Christmas Specials are about Pain

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Christmas time is here and with it all the complex “feels” of the season.

The holidays are often a good barometer of how you are feeling about yourself and life. If you’re happy Christmas will make you happier as the festive joy of the season and being with friends and family will only make you feel warmer inside. If you’re sad however all this joy in the air can almost feel mocking or chastising, like “how dare you not be happy during this time of year?”

It’s not binary either though, a depressed person might feel less sad, of course given, the upbeat of the season and a happy person might feel like they should be happier than they should be leading to cold apathy to match the weather of the season. Christmas season is weird and means a lot of different things to a lot of different people and can influence us in a multitude of ways.

(‘Tis the season to be melancholy)

Our pop culture does a pretty decent job of communicating these often nuanced feelings through the power of the Christmas special. Though these specials are obviously for commercial appeal as well, as “Bojack Horseman’s” own meta special critiqued, how these shows and their various themes are expressed take on extra meaning when put through the lens of the holiday season.

Through the overarching narrative viewers get to see not only how these characters interact with the season but more than likely how the writers feel about it as well. Whether it was “Invader Zim’s” cynical, pessimistic world view taking on Christmas and the power that blind idolatry holds in the form of Santa, or the more touching, emotional story that “Hey, Arnold!” gave us instead on the very same channel with a tale of war, broken families, found-families and selflessness these specials are quite varied in their worldviews and how we all act during this time of year.

(But seriously who didn’t ugly cry during this special?)

But the overarching feeling all these specials seem to have is about pain and how we deal with it through this time of year. Pain can manifest in a multitude of ways within ourselves and how we handle it is a reflection of ourselves. We can dig deeper into our reclusiveness and/or depression as Bojack does in his special as he reflects on his past and the times that has left him behind. We can see that perhaps its time to move past pain as well and not dig deeper into it as even “Batman: The Animated Series” explored in “a Very Joker Christmas.” Then of course it can manifest into the far more complicated feelings of pain through identity as the character Suzy (later Theo) did in “The Chilling Adventures of Sabrina” in “A Midwinter’s Tale.”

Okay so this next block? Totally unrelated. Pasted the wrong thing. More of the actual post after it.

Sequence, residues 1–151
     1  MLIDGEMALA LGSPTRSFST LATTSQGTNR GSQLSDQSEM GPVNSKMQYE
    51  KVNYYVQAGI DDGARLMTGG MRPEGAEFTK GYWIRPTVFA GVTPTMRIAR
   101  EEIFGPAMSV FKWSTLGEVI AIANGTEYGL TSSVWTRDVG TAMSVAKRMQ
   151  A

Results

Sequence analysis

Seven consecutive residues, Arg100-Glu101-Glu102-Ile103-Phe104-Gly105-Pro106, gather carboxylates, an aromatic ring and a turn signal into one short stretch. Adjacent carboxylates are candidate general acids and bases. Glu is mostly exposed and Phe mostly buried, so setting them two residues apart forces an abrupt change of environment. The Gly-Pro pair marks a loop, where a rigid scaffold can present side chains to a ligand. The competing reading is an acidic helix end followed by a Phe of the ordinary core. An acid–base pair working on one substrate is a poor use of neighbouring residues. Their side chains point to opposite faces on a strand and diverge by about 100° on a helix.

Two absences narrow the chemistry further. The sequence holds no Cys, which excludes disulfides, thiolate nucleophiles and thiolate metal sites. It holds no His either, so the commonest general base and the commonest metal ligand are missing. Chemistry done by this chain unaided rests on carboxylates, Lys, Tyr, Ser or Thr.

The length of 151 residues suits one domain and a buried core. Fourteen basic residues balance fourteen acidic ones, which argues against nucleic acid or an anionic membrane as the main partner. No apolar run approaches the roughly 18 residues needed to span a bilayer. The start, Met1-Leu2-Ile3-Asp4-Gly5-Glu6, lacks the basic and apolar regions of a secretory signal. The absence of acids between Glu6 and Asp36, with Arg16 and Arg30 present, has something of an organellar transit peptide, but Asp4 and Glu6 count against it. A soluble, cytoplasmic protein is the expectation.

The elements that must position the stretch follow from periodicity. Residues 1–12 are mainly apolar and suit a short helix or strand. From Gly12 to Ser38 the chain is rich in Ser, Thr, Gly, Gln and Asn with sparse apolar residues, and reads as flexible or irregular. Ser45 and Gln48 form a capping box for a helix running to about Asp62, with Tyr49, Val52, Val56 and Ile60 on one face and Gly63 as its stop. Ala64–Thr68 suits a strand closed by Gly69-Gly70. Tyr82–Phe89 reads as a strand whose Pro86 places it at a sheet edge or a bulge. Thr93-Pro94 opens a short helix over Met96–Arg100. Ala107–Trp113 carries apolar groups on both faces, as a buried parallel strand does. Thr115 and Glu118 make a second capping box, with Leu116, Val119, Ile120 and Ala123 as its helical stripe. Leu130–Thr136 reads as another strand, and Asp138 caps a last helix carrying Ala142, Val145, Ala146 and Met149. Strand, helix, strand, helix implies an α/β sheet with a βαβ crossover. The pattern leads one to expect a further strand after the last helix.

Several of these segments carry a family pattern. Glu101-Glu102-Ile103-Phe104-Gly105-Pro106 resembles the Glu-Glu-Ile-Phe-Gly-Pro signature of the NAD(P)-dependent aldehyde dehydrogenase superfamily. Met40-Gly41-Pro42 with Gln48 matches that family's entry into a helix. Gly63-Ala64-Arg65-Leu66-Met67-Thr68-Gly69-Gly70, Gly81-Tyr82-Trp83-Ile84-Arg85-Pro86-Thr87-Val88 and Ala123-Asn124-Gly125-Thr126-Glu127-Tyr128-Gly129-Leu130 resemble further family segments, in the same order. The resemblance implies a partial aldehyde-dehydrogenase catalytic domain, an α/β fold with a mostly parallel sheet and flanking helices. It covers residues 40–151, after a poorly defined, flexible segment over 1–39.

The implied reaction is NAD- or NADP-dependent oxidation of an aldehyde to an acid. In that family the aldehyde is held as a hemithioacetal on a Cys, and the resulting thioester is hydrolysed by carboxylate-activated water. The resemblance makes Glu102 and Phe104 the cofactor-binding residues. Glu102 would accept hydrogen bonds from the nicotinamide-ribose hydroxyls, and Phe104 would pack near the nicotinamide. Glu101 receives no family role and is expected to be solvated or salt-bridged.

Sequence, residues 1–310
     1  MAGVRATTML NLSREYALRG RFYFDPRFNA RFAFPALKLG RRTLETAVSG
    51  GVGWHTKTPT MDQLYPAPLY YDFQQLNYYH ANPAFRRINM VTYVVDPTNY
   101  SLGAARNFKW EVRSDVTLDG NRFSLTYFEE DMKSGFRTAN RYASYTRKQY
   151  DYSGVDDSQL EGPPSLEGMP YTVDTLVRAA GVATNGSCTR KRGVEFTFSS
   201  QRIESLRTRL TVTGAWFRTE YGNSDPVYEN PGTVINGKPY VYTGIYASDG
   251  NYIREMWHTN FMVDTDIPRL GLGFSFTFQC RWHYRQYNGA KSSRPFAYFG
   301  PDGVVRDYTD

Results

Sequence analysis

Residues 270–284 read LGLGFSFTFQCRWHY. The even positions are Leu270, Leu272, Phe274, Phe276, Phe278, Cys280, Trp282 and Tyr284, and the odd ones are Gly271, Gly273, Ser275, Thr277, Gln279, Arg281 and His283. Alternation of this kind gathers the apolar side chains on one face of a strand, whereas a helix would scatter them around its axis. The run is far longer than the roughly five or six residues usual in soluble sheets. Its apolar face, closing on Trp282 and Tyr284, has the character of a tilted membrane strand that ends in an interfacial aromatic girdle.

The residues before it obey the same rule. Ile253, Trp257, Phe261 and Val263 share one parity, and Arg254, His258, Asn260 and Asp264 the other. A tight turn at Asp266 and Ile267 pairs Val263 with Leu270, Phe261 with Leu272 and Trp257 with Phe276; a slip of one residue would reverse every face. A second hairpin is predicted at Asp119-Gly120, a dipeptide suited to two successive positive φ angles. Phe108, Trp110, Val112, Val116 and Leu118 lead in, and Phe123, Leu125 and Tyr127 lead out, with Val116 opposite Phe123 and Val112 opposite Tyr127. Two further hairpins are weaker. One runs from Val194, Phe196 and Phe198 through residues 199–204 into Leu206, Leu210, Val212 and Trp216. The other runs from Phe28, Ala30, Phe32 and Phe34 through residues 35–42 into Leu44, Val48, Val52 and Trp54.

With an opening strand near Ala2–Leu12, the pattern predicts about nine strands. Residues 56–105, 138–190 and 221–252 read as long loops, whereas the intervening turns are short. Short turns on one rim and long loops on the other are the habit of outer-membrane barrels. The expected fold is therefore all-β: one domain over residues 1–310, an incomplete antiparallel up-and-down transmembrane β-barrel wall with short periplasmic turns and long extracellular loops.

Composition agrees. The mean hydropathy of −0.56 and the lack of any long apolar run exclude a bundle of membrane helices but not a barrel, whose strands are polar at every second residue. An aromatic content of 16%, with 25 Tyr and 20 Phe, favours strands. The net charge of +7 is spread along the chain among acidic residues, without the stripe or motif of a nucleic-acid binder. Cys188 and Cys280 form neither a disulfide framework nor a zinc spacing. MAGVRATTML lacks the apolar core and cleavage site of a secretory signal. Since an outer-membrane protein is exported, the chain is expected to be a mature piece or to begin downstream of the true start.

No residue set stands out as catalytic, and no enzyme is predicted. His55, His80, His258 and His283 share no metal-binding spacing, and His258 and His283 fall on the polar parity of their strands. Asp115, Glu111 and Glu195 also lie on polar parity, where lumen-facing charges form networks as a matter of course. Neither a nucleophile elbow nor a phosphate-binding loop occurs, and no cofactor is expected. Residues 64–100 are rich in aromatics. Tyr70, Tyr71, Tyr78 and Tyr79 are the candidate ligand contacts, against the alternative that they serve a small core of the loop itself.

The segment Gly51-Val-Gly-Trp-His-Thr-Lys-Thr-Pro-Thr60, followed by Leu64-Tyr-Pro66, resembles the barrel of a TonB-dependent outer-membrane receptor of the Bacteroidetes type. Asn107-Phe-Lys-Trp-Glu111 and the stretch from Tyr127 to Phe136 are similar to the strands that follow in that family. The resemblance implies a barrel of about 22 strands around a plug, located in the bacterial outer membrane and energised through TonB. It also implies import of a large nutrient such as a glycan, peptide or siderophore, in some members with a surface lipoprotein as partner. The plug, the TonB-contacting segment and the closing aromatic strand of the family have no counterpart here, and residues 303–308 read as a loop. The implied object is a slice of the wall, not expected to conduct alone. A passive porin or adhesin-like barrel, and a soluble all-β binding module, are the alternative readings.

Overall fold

There’s a lot of themes our Christmas stories take on but pain and how we deal with it is so prevalent in almost all of them that it’s almost Buddhist in nature. The way characters like Arnold, Bojack, Suzy, Batman and even Zim take on Christmas through the pain the season causes is not unlike what the ancient religion/philosophy speaks on. Each character is dealing with feeling empty to some extent and a need to fill that emptiness with something to feel whole. Arnold needs to bring a family back together, Bojack needs to feel like his glory days again, Suzy needs to be a boy, Batman needs to work because he can’t slow down in his vendetta and Zim just needs to conquer the world.

(Hard to slow down when the Joker is on the loose, of course)

Their desire to take on whatever task or thematic narrative their main stories have them embarked on dominates their emotions exponentially more during these specials. Each character is worn down by it; its aggravating, depressing and the jolliness of the season only makes it worse for them. Each of these specials come to different conclusions regarding this of course but if there’s one theme that connects them all, as the season often reminds us in real life, is the people we have around us do help. Arnold relies on his friends and Helga commits a selfless act to bring Mr. Hyun’s daughter home. Bojack is reminded he has at least one friend who cares about him in his life that he hasn’t alienated yet. Suzy and Sabrina come together in their shared loving friendship despite everything that has happened around them. Robin reminds Batman to slow down. And Zim…well…Gir loves him at least.

(And like most Invader Zim episodes it’s bat shit insane.)

Not all specials are deep of course but I don’t think they need to be either. They fulfil a nice purpose of bringing families together, much like how these characters learn in these shows, and dive into the feelings this time of year often bring out in us through characters we have grown to love all the same.

I guess my point here is Christmas specials are unique takes on story-telling within our pop culture sphere that try to find new ways to explore old themes that the holidays are all about. Our TV shows and stories are expressions, even in the most fanciful sense, of the world we inhabit and when these characters and their respective narrative themes collide with a holiday we all experience in unique ways they become just a bit more real, even in the most superficial sense.

Merry Christmas, everyone.

Cheers to all my fellow weirdos this season.

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